Swimming in Outdoor Pools Increases Allergy and Asthma Risk

Asthma Risk

Why do Outdoor Swimming Pools cause Allergies?

Chlorine vapors and high chlorine content in the swimming pool can cause certain respiratory problems. Even though outdoor swimming pools have the advantage of ventilation, they were found to increase the risk of allergy.


The researchers from Belgium examined 847 secondary school students who were about 15 years old. These students were tested for allergies and their lung function was also tested.

Parents of these students were asked to fill up a questionnaire regarding the students’ respiratory health, exposure to allergens such as smoke, pets, pollutants etc. The questionnaire also contained specific questions regarding the swimming pool attendance of the students. Through these questionnaires, the researchers were able to estimate the number of hours students spent in outdoor chlorinated swimming pools.

Researchers found out that students with outdoor swimming pool attendance of more than 500 hours (about 1 hour every week, for 10 years) were 5 times more likely to suffer from asthma than those who did not swim in an outdoor swimming pool.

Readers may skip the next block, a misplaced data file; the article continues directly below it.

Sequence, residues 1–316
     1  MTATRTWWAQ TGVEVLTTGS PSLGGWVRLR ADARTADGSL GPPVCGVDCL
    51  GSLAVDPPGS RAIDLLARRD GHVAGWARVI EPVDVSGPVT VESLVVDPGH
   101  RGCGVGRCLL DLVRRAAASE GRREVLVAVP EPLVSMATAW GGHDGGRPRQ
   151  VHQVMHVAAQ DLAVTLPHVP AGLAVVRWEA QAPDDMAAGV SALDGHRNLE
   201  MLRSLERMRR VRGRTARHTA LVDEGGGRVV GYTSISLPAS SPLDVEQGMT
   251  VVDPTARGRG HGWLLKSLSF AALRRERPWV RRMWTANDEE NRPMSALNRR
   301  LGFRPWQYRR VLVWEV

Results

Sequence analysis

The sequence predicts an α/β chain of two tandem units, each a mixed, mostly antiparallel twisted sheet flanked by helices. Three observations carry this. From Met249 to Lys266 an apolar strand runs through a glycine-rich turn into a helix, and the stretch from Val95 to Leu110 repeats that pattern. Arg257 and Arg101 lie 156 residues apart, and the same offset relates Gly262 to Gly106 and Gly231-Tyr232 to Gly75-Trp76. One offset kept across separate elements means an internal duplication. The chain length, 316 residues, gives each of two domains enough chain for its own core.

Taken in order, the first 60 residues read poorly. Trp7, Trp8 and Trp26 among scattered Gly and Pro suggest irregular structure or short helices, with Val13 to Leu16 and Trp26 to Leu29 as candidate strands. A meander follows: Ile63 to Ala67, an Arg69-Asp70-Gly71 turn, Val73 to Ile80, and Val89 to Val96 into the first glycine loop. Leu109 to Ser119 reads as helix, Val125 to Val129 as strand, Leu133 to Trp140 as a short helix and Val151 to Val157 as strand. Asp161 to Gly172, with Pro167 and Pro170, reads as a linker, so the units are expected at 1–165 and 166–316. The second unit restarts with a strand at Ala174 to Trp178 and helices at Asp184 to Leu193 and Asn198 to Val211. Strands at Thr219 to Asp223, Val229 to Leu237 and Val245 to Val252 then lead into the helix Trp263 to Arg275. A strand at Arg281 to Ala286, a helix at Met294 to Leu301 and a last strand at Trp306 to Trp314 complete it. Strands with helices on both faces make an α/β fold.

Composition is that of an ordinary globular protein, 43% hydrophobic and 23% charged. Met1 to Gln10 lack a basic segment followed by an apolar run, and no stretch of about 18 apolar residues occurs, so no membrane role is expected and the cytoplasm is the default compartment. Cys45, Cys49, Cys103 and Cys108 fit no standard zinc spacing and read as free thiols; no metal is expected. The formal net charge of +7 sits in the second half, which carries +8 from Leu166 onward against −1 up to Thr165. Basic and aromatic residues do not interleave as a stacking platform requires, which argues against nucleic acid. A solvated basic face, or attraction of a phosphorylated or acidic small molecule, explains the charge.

Researchers also found out that kids who attended outdoor swimming pools before age 7, were more likely to be allergic to cat dander and dust mites than kids who never swam in an outdoor swimming pool. Researchers opine that the asthma risk increases with a combination of genetic factors and swimming pool attendance.

How to be Safe?

As chlorine is cited to be the main reason for causing allergy and asthma, parents should not over-chlorinate the swimming pools. Also, parents should send their children only to swimming pools which are well managed and which do not have excess chlorine content.

1 response to Swimming in Outdoor Pools Increases Allergy and Asthma Risk

  1. Plenty of health science professionals are noting that this study might not have considered everything.. for instance, why did these scientists find no correlation between asthma and indoor pools?

    I do some work with the American Chemistry Council, and I’ve found it’s almost overwhelming the volume and variety of pathogens that exist in an ordinary public pool– and the efficiency of chlorine in neutralizing these threats is amazing, when you look at it on the chemical level.

    What people often fail to note is that when a pool gives off that heavy chlorine smell, that’s not the smell of chlorine– that is the smell of chlorine chemically interacting with pathogens and breaking them down. That is one extremely dirty pool, full of things you do not want your children exposed to. Did you know that waterborne diseases contracted in swimming pools have been on the rise for over two decades? Hint: it is not because of too much chlorine.

    Finding a safe swimming environment is key. Here’s a resource: